I love Indian food, and when I began to crave nothing else earlier this year, I decided it was time to learn how to cook it myself. After all, eating out several times a week is expensive, and the nearest decent Indian restaurant is an hour's drive from where I live. My copy of Madhur Jaffrey's World Vegetarian came to the rescue and served me well, but soon I wanted - needed! - more recipes.
Then along comes this huge book of curries. Not only do the recipes sound mouthwatering, but the whole thing is written in a friendly, often downright impish manner, AND it includes a list of resources to help me find all the ingredients. Sold!
That was about four months ago. Since then, I have cooked exclusively from this book with excellent results. Rice with Yogurt and Mustard Seeds has become a staple, along with Chowli Nu Dal, Garlicky Gourd and several others. A friend who knows from Indian food gave high marks to the Adrak Lasson Waale Chana Masala I made for her. I have found an Indian grocery store and learned my way around it.
Some of the ingredient lists may be long and contain unfamiliar items, but don't let that scare you. The techniques are explained carefully and easy to learn. Sometimes I scale back a little on the amounts of oil and salt called for - that's just my personal preference. There is really no great trick to much of this stuff - heck, they cook it every day in India, right? Do follow Iyer's advice to have all the ingredients prepped before you start cooking, as some of the steps take only seconds to complete, and you won't have time for grinding and chopping while you cook. When you've got everything ready beforehand, the cooking is a happy experience.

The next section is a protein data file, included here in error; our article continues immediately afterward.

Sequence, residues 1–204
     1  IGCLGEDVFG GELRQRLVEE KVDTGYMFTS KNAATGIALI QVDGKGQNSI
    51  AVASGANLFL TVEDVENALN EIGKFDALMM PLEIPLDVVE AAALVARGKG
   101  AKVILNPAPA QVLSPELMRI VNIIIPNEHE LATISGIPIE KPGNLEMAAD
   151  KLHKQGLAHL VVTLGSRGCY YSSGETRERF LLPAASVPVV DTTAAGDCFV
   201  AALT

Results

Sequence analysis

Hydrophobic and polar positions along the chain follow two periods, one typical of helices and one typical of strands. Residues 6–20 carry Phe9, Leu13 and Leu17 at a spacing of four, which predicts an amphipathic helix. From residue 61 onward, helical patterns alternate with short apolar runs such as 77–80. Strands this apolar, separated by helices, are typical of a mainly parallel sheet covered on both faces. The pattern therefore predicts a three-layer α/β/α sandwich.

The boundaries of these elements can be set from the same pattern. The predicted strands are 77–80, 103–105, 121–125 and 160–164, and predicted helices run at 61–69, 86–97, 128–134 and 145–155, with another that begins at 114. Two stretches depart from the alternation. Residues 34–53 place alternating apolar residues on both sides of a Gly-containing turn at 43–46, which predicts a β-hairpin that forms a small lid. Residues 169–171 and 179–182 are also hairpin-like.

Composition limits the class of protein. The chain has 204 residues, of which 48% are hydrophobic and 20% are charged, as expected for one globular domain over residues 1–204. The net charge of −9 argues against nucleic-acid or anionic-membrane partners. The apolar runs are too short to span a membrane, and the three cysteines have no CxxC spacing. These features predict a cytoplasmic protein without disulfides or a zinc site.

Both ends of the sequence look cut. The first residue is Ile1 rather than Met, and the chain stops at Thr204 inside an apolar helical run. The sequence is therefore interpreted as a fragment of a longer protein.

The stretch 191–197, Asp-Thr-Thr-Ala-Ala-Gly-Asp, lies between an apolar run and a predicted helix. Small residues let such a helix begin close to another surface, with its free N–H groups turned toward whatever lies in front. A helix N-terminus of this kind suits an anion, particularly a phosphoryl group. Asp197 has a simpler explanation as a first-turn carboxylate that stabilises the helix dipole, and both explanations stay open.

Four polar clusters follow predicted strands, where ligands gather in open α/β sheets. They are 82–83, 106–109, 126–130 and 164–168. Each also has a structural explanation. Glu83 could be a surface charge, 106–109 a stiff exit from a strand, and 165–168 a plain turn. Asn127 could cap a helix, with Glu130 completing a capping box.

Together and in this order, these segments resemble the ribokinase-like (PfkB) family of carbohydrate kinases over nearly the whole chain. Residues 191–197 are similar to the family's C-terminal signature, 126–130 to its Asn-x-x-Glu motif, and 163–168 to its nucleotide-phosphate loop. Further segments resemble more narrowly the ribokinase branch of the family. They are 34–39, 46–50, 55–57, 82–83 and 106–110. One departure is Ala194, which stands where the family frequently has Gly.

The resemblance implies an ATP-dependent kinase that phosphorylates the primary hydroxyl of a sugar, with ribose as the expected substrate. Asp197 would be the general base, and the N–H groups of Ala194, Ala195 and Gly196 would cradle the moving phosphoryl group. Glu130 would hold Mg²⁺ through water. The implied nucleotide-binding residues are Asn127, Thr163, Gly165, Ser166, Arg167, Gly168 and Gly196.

Because I don't cook meat, I can't vouch for any of the meat dishes, but I don't doubt that they are just as good as the vegetable/paneer/legume recipes I've tried. Which leads me to the economic bonus that comes with this book: dried legumes (and just about everything else at the Indian store I shop at) are inexpensive. If you can find spices in bulk, that saves a lot of cash, too, as long as you're not using saffron. Since I got this book, I have been eating better than I ever have - and for less money. The vegetarians are nodding their heads in agreement; you omnivores who are looking to expand your gastronomic horizons without breaking the bank may want to take note.
Every week I choose another recipe or two to try, and each time I get excited about it. When you can have this kind of food whenever you want, it's like Christmas every day. Seriously, if you love Indian food you need this book.
One last word: You MUST make the Pineapple Chutney and have it warm, over vanilla ice cream. It is heaven.